The total area of Finland is 338,144 km, making it the 8th largest country in Europe after Russia, Ukraine, France, Spain, Sweden, Norway and Germany. Of this, 10% is water and 69% forest - there are 188,000 lakes in Finland, and 98,050 islands on those lakes.
It is home to 5.4 million people, making it the most sparsely populated country in the European Union. In the past Finns lived mostly in the countryside or in small towns and villages, but today the population is centred more in the urban centres, especially that of the Greater Helsinki region where approximately 1 million live.
Finland has land borders with three countries; with Sweden (614km), with Norway (736km), and with Russia (1,340km). The maximum distance from north to south is 1,157km, and from east to west is 542km. Finland's coastline is 4,600km long, or 1,100 if inlets are excluded, and there are 81,534 islands dotted along the coast. The largest archipelago in Europe lies off the southwest coast, and the Åland Islands, an autonomous Swedish-speaking province of Finland, are part of this archipelago.
Finns have a deeply ingrained love and respect for nature, which accounts for the fact that there are 475,000 summer cottages in the country, and 35 national parks. Visitors usually notice that both the cities and countryside are litter free - should you drop litter, don't be surprised if a Finn picks it up and gives it back to you! Finns also love their saunas, there are some 1.8 million of them here, of which approximately 500 are traditional smoke saunas.
In a 2008 survey for The Fund for Peace, Finland was ranked the second most stable country in the world, based on social, economic, political, and military indicators. Finland is currently ranked 1st in the 2009 Legatum Prosperity rating, which is based on economic performance and quality of life!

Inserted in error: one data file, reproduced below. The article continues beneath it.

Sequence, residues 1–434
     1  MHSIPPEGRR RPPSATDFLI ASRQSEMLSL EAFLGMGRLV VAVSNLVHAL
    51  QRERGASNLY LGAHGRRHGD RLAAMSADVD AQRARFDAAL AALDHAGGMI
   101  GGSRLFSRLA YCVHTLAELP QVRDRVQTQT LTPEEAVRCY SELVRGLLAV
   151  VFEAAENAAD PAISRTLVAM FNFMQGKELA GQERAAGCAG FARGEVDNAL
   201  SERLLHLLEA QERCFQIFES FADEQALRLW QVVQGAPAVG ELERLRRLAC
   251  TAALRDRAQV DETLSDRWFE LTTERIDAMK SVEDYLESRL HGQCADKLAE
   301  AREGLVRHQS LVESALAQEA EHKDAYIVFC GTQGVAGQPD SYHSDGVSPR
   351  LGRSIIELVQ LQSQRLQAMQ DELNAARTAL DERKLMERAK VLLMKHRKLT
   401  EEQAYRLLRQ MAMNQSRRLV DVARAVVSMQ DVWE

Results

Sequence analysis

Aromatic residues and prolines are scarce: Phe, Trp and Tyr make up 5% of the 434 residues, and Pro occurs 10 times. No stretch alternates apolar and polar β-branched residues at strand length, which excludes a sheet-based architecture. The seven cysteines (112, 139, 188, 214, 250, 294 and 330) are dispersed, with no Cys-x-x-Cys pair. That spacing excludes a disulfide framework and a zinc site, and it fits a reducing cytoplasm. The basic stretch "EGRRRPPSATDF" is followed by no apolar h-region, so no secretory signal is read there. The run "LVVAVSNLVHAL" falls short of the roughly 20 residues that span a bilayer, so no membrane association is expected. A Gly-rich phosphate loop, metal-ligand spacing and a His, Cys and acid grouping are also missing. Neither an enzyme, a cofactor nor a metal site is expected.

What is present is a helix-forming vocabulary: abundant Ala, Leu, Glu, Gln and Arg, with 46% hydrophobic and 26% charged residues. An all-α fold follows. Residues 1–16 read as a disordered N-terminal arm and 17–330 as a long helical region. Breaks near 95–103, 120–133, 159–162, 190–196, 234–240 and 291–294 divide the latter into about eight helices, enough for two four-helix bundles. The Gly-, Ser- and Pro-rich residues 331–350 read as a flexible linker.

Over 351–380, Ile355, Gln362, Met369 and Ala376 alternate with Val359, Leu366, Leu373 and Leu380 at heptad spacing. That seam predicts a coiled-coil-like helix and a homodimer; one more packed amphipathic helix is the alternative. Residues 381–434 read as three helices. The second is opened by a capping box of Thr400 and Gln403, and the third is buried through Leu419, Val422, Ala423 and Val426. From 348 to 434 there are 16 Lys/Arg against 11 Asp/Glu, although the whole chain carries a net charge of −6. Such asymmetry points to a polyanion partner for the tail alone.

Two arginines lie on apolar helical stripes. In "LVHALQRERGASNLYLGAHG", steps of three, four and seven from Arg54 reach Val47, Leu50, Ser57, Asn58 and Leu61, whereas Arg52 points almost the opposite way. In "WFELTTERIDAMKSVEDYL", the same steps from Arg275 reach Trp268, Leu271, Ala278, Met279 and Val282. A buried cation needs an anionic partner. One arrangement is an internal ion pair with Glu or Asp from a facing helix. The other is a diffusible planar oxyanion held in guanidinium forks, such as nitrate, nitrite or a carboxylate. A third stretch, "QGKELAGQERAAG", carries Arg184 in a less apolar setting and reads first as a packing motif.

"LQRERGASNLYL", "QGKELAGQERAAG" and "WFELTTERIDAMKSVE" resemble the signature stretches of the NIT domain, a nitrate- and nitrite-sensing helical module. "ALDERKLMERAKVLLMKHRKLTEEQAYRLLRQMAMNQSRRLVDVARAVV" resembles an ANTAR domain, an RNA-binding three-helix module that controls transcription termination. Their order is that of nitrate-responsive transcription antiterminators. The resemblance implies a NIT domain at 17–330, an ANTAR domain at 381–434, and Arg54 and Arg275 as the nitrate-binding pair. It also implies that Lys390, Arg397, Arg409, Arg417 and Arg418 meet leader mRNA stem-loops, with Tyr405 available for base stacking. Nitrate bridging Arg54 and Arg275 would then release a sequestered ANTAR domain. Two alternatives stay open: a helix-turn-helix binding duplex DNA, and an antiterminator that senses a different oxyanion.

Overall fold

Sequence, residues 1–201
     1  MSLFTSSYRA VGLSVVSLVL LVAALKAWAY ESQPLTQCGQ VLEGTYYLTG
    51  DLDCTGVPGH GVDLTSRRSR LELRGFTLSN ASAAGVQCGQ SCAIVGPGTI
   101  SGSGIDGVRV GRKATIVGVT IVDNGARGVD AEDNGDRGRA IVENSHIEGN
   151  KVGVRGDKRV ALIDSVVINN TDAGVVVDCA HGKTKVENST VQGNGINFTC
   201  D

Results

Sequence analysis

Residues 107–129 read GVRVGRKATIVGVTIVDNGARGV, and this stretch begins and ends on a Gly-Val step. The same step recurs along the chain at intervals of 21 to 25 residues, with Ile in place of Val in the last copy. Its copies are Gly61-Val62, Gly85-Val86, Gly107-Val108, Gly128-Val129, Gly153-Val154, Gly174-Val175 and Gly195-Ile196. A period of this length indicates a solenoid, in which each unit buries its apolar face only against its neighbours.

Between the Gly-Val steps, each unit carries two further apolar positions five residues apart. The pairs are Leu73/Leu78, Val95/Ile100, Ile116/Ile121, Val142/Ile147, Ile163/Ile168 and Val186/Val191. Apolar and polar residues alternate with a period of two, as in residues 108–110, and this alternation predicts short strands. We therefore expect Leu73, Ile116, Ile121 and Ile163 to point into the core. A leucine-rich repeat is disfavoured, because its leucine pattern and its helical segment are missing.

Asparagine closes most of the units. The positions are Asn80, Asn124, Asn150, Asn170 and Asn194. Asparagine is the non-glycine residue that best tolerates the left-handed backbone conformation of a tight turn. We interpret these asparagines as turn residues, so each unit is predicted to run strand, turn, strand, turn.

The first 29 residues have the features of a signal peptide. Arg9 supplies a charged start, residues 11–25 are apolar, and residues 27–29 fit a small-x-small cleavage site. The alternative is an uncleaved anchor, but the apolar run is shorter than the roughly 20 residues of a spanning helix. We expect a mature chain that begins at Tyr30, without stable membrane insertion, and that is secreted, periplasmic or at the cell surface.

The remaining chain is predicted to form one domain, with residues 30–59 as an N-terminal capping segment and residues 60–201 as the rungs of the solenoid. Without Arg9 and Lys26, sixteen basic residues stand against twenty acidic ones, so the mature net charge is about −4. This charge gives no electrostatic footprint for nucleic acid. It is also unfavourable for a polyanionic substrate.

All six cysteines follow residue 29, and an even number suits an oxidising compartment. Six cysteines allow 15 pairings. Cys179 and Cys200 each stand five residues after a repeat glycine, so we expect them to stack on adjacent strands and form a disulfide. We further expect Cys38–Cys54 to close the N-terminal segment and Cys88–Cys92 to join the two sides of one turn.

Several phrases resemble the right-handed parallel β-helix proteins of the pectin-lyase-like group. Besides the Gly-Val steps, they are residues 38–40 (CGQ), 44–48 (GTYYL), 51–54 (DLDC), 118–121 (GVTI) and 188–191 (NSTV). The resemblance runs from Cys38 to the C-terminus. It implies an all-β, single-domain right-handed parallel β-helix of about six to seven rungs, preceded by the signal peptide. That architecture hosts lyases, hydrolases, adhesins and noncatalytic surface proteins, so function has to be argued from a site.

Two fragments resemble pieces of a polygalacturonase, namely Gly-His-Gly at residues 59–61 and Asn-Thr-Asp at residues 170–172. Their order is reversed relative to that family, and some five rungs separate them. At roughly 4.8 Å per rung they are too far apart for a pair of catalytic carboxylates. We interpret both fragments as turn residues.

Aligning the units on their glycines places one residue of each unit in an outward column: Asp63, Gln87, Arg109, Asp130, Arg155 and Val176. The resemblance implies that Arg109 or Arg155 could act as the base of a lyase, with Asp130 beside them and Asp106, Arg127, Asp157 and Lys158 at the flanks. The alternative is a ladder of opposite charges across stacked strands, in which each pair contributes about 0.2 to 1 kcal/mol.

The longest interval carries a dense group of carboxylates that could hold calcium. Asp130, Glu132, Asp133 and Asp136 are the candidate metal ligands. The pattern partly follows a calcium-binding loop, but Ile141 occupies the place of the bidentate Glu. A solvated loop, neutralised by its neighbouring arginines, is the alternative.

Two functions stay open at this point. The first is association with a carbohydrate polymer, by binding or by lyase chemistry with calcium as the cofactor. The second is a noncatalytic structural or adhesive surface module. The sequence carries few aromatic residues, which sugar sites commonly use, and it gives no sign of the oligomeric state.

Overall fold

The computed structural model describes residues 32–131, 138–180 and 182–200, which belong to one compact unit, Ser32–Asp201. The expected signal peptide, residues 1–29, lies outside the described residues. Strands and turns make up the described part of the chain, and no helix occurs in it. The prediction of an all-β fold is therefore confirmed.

Finland is officially bilingual, with 92% of the population having Finnish as their first language, and 5.5% of the population Swedish. Approximately 1,700 people in Lapland speak Sami, or Lapp, languages.
Both the Evangelical-Lutheran and Orthdox churches are recognised as official religions of Finland, and are protected under the constitution, with some 82% of Finns belonging to the former and 1% belonging to the latter.
Official public holidays in Finland are established by acts of Parliament, and can be divided into Christian and non-Christian holidays. In addition, all Sundays are public holidays.
January 1 - New Year's Day
January 6 - The Feast of Epiphany
Moveable Friday - Good Friday
Moveable Sunday - Easter Sunday
Moveable Monday - Easter Monday
May 1 - May Day
Moveable Thursday - Ascension Day
Moveable Sunday - Pentecost (Whit Sunday)
Friday between June 19 and June 25 - Midsummer Eve
Saturday between June 20 and June 26 - Midsummer Day
Saturday between October 31 and November 6 - All Saints' Day
December 6 - Independence Day
December 24 - Christmas Eve
December 25 - Christmas Day
December 26 - St. Stephen's Day